Unstuck in Time and Space: An Investigation into Location over WiFi.

I track my location with Google and my phone, because I lack sufficient paranoia. To the right is my June 30.

I swear that I didn't leave the Greater Lafayette area. I certainly didn't teleport to the southern suburbs of Indianapolis.

This happens to me all the time, and it has bugged me a lot. But, normally I've just looked and griped, rather than trying to work it out.

Today, however, I'm watching a compiler or two, so I have some time I can use to work this out.

The protocol is KML, and this is what it looks like:

That isn't all day's results, merely the point in time I jumped 67 miles to the southeast. I was going to try to use a KML-specific Perl module, but found that the ones I could find were more about generating it than parsing it, and it's XML, so I figured what the heck.

I had previous code to work out the distance between two points, so it was an easy case of parsing to find the jump:

Breaking it down, at 2015-06-30T13:13:05.103-07:00 I go 67 miles to Greenwood, and at 2015-06-30T13:53:31.467-07:00 I pop back.

Let me bring up an other map.

 I didn't have any mapping software going, and I was using wifi, so this data is location via wifi not GPS. I know, though, that the group that runs my servers has a weekly "coffee break" on Tuesdays, that I met with my admin there, and I walked around toward his office before goign back to mine. His building is off S. Grant St., and I walked next to Hawkins Hall, in front of Pao Hall, near the Forestry Building and down to my office in Whistler.

So, question is, how does location over WiFi work? I recall hearing that routers and access points report location, but I'm not sure of the protocols involved. I can imagine two possible scenarios that cause this.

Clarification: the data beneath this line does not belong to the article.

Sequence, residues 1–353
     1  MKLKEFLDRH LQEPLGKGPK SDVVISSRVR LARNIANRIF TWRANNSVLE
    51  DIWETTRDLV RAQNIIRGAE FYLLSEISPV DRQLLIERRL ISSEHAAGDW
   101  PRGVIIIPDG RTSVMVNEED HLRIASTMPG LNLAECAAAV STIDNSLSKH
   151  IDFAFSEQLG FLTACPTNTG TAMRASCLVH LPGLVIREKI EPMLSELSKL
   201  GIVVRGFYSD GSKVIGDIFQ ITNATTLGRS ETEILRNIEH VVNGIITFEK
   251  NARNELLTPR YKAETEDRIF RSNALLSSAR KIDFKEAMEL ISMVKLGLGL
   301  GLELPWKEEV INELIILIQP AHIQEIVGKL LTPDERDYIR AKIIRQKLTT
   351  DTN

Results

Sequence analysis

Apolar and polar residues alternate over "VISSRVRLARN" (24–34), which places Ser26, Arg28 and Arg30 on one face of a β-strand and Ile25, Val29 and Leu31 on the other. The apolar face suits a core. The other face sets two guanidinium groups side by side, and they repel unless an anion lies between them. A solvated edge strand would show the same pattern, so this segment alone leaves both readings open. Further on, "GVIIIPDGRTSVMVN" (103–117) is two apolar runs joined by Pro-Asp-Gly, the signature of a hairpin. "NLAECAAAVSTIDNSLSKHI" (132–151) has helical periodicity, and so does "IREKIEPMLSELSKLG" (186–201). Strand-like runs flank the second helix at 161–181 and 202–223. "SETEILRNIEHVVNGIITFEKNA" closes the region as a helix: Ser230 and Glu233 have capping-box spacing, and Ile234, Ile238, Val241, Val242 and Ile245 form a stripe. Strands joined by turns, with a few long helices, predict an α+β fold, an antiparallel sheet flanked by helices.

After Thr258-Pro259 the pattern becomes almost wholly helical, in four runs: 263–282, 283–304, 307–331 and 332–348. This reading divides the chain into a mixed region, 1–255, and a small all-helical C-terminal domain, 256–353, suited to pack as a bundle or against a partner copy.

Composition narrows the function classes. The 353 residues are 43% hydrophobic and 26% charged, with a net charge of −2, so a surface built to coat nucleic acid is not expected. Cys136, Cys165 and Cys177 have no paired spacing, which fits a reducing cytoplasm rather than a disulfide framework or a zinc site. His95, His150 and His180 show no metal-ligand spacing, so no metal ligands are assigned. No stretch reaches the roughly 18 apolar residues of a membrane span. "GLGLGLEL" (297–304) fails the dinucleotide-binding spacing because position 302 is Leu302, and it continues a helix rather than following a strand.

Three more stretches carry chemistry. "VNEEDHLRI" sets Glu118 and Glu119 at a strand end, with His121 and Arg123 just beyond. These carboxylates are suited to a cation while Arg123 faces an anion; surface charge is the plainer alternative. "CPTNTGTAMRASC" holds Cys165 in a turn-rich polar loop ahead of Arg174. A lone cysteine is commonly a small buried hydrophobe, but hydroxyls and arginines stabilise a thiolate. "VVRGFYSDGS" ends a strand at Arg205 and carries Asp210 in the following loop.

First is that one of Purdue's routers is misreporting location, either in Forestry or Pao. This is possible; I have another issue that I haven't worked through yet where I leap instantly to the EE building, and it seems that's entirely based on location within my building.

The second scenario, one I'm taking more and more seriously, is that there's a replicated MAC address or something between the apartments across from Pao Hall. I say "or something" because MAC addresses should be unique. The thing that makes me suspect this is that it points me to a residential neighborhood south of Indy, and I could see that mistake happening with two residential routers or two experimental electronics projects.

I'm curious about how to test this, because I do want to know it has something to do with Purdue's networking gear before I complain. I'm also curious about how these things actually work. I could very much see me walking around, looking at Google Maps and tripping over things, then trying to dump my ARP tables or something.


Fixing an old logic issue

I am not especially proud of the code below.
It does it's job. Give it a request and a number of accessions and the names you want them to go by, and it changes them in the database.


Accessions are defined as zero-padded six-digit numbers, so instead of 99999, you'd have 099999. If you're strict, everything's fine.

But user's are not always strict. Sometimes they just put in 99999, expecting it to just work.

Oh, if only it were that easy.

I have requests here for the purpose of ensuring that for request 09999, you can only change accessions associated with that request. This is what lines 27-29 are for, to get the set of accessions that are entered by the user and one of the given request's accessions.

Yes, requests are defined as zero-padded five-digit numbers.

If I don't zero-pad the accessions, I get nothing in @accessions.

But if I do zero pad, I get no library name from $param->{ $acc }.

There is a fix for it. I could go back to the source and ensure that this sees no un-padded numbers. I could run through the $param hashref again, But clearly, this is something I should've built in at first.


"Well, That Was Strange": Hunting Gremlins in SQL and Perl

The query base is 90 lines.

Depending on what it's used for, one specific entry or the whole lot, it has different endings, but the main body is 90 lines. There are 20 left joins in it.